Commercial Farmers' Union of Zimbabwe

Commercial Farmers' Union of Zimbabwe

***The views expressed in the articles published on this website DO NOT necessarily express the views of the Commercial Farmers' Union.***

SADC land ruling undermined by Zim constitution

SADC land ruling undermined by Zim constitution

By Alex Bell
24 July 2012

Zimbabwe’s commitment to the rule of law is facing serious questions since 
the release of the country’s new draft constitution, which contains clauses 
that undermine a key ruling by the regional human rights court.

The Southern African Development Community (SADC) Tribunal ruled in 2008 
that Robert Mugabe’s land grab campaign was unlawful, in a landmark court 
case that upheld the right of the Zimbabwe’s battered farming community to 
seek redress.

The ruling slammed the land seizures as ‘inherently discriminatory’ and 
against the standards and values of the SADC Treaty that Zimbabwe, as a 
signatory to the Treaty, is party to.

The then ZANU PF government was ordered to compensate farmers in a ruling 
that was meant to be internationally binding. The ruling was never honoured 
and instead, the court was suspended by SADC leaders for a ‘review’. The 
SADC leaders were criticised for appearing to side with Mugabe over human 
rights and the rule of the law.

Justice is now set to be further delayed with Zimbabwe’s draft constitution 
actively undermining the still suspended Tribunal’s ruling, by stating that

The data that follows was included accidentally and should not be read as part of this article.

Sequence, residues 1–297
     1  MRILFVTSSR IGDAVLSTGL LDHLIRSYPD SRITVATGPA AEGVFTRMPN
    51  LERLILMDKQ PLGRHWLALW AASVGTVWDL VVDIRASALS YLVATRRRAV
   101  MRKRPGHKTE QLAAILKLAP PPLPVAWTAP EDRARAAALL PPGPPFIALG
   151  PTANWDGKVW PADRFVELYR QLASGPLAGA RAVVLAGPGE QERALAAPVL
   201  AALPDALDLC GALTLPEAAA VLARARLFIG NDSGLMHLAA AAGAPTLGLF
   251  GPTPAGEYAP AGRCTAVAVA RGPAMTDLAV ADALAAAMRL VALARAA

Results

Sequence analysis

farmers will not be compensated and the government has no obligation to do 
so. The draft toes the ZANU PF line that Britain is responsible for 
compensating the farmers, because the land grab was “addressing the 
imbalance of the colonial era.”

The charter also states that no one can challenge this refusal to pay 
compensation in the country’s courts, while the state takeover of land 
cannot be legally challenged on the grounds of ‘discrimination’. This kind 
of takeover has been legalised, with the draft detailing that the government 
can acquire land and take over title deeds with only a notice in the 
Government Gazette serving as warning.

Former Chegutu farmer Ben Freeth, who led the legal challenge against Mugabe 
at the Tribunal in 2008, told SW Radio Africa on Tuesday that the land 
clauses are “very worrying.”

“This is a harsh and draconian thing to write into the constitution and it 
makes it even more simple for the state to seize the properties that are 
left in Zimbabwe, Freeth said.

He added: “What is most concerning for me is the discriminatory basis that 
this is being done on, which is a clear indication of where we are in the 
country right now. Discrimination has essentially been written into the 
constitution and signed by the democratic side of our government, the MDC.”

Freeth said the land clauses not only “endorse theft,” but also “go against 
the principles of democracy that SADC is meant to adhere to.”

“I believe that we are now at crunch time in terms of the Zimbabwe’s future. 
And it is yet to be determined if this is a future that includes respect of 
property and human rights and the rule of law,” Freeth said. 



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